How parents can be counsellors during their children’s exams
Looking back on my school days, I remember how scared my parents used to be during my board examinations. My dad decided to remove the wires from the plug and hide the stabiliser in his cupboard, to keep me away from watching TV for the entire duration of my exams. No doubt, the decision came as a shock to me and I protested. Somewhere at the back of my mind, I had the belief that I could do well in my exams and what I needed the most was their faith in my abilities. In retrospect, when I think about this incident, it evokes mixed feelings. Perhaps, it was the right course of action from the viewpoint of my parents, but I still feel they could have dealt with their anxieties differently.
I chose to broach this example in light of the larger discussion of how parents can take on the role of counsellors during their children’s exams. As a point of departure, this blog post is an attempt to help parents approach their children not as strict disciplinarians but as counsellors during exams. This way, a more equitable relationship can be established between both parties.
The pressure of scoring good marks means that most parents are perturbed about the progress their children are making at school. Especially, when it comes to classroom achievements, parents usually have high expectations of their children. This adds to the anxiety of children and can take a huge toll on their physical as well as mental health. In fact, it is common for both parents and children to suffer from issues such as anger, irritability, loss of appetite and sleeplessness, in such situations. What’s more? Parents even go to the extent of consulting counsellors to keep their anxiety levels at bay.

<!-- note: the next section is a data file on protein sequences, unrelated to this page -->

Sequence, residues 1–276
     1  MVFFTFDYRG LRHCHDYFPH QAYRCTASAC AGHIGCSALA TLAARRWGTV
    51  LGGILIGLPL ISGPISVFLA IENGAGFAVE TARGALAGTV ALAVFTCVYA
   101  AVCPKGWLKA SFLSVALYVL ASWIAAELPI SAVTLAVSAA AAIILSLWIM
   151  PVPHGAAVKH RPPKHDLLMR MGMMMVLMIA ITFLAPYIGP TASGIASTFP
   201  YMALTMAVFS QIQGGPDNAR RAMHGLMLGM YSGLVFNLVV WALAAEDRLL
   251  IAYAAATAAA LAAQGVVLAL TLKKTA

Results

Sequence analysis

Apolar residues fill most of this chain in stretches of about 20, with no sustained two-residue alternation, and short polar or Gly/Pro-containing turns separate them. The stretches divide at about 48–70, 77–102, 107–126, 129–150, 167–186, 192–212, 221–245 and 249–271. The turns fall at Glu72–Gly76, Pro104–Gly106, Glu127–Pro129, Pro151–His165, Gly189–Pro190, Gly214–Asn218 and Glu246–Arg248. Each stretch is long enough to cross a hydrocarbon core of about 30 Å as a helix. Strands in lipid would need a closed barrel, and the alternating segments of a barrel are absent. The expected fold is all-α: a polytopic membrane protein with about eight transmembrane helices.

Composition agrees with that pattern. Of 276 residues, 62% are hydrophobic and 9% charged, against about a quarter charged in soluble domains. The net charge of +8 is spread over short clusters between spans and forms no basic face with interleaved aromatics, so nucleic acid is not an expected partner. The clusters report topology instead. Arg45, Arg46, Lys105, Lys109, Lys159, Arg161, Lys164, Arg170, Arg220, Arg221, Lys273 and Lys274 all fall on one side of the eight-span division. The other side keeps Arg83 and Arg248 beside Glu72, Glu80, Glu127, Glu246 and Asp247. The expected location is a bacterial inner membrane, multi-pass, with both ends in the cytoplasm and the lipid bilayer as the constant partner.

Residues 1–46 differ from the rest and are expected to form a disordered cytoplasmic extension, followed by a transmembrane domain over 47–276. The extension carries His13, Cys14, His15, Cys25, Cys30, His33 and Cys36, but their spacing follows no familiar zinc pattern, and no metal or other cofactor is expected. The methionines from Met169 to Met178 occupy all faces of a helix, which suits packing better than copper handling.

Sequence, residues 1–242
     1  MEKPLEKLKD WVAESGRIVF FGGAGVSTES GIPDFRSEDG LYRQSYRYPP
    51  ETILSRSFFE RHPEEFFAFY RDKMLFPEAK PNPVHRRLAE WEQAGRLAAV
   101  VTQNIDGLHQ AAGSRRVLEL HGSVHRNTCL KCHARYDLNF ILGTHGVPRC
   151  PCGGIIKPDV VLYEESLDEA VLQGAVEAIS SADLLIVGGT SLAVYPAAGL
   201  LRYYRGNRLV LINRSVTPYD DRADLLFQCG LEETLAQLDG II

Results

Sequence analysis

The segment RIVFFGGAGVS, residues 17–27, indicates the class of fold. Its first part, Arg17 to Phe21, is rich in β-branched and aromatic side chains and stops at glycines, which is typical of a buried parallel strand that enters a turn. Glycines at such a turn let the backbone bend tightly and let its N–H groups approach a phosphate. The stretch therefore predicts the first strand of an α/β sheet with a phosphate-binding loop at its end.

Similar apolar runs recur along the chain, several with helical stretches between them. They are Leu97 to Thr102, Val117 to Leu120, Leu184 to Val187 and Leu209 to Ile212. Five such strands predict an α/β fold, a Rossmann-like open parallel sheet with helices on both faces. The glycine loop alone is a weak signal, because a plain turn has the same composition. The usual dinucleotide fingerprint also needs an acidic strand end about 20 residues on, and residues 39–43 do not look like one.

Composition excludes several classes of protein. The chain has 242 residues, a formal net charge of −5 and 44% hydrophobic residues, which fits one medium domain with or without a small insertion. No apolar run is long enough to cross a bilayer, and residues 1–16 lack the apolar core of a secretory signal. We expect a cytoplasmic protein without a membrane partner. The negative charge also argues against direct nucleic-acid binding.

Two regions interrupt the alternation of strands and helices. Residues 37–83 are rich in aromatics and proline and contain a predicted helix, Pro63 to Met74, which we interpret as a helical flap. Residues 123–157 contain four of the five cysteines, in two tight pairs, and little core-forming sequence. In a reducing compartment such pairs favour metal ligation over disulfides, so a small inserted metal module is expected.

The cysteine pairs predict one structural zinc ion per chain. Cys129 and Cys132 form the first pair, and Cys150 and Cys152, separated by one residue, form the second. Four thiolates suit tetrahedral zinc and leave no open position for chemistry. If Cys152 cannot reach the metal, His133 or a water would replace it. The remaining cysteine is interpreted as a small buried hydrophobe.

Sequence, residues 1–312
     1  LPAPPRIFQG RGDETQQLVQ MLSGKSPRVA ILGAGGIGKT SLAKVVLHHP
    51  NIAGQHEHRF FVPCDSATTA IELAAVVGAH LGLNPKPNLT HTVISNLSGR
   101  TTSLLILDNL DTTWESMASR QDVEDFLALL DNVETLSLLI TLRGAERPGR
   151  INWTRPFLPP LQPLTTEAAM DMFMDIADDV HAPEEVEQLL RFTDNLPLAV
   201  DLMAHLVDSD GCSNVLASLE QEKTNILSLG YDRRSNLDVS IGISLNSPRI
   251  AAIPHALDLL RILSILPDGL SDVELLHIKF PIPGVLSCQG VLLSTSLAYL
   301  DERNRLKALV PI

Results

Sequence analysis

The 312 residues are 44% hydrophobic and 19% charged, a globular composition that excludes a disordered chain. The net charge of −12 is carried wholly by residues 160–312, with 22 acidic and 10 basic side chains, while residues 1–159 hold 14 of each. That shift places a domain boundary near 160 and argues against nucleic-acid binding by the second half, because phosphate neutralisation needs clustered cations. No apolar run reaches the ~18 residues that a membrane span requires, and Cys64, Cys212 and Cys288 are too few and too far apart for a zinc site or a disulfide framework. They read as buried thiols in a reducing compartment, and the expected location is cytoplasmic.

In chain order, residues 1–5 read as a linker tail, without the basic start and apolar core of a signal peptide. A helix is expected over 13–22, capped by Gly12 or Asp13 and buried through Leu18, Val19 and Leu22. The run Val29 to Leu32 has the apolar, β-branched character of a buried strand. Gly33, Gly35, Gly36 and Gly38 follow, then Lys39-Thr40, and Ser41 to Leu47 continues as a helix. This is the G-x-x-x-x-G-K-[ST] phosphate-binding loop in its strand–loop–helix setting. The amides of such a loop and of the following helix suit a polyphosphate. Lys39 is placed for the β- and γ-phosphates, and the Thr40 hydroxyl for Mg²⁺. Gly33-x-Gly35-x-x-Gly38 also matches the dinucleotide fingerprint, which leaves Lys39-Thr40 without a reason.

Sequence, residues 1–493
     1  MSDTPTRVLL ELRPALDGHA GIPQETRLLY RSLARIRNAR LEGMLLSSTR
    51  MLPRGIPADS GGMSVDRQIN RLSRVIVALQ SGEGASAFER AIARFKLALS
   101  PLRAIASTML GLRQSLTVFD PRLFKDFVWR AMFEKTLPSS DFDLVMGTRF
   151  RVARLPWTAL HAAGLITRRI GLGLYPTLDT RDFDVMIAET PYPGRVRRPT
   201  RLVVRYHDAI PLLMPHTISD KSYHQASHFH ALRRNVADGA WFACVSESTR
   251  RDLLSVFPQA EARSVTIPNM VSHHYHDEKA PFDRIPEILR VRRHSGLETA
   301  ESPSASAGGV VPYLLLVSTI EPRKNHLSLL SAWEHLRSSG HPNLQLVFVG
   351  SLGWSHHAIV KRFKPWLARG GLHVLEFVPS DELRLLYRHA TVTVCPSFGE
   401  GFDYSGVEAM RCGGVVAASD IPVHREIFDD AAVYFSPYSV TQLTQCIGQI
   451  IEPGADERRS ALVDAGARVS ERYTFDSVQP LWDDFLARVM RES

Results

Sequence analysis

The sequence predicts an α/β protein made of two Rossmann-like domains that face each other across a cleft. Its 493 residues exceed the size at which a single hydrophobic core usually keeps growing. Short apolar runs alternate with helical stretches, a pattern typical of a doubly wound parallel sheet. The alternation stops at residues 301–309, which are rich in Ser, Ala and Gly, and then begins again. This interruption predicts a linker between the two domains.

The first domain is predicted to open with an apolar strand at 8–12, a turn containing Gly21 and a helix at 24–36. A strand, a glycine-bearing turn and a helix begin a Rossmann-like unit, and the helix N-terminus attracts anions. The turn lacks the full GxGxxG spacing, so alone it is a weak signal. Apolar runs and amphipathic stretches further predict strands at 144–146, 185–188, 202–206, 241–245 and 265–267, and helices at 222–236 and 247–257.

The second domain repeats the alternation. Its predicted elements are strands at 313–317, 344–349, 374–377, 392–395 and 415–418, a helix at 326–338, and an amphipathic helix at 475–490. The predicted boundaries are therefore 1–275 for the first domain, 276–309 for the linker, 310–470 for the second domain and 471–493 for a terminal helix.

As a parent, you have to accept that your child has a certain understanding of their capabilities, which may or may not be in line with your expectations. Only through effective communication, you and your child can come to a mutual agreement on the right course of action for dealing with exam-related stress.
However, there are a few tips that you can consider for providing emotional support to your child as an effective counsellor.
- Have a frank conversation with your child about the negative impact of prolonged screen time.
- Help your child make an exam schedule so that they can focus on all subjects equally.
- Take out time for your child and answer their queries with patience.
- Encourage your child to take breaks, so that they don’t feel under pressure all the time.
- Refrain from stating your expectations constantly, as this raises your child’s fear of exams instead of allaying them.
- Don’t make comparisons between your child and their peers, as this can shake their confidence.
- Stay calm, practise patience and teach the same to your child.
It is natural for parents to want to feel assured that their child excels academically. However, it should not lead to a situation where the child starts fearing you and shies away from making attempts in the future due to their past failures. Give them a chance to fail and learn from their own mistakes, instead of dictating what is right and what is wrong for them. This will make them more aware of their failures and give them the much-needed spirit to move on.
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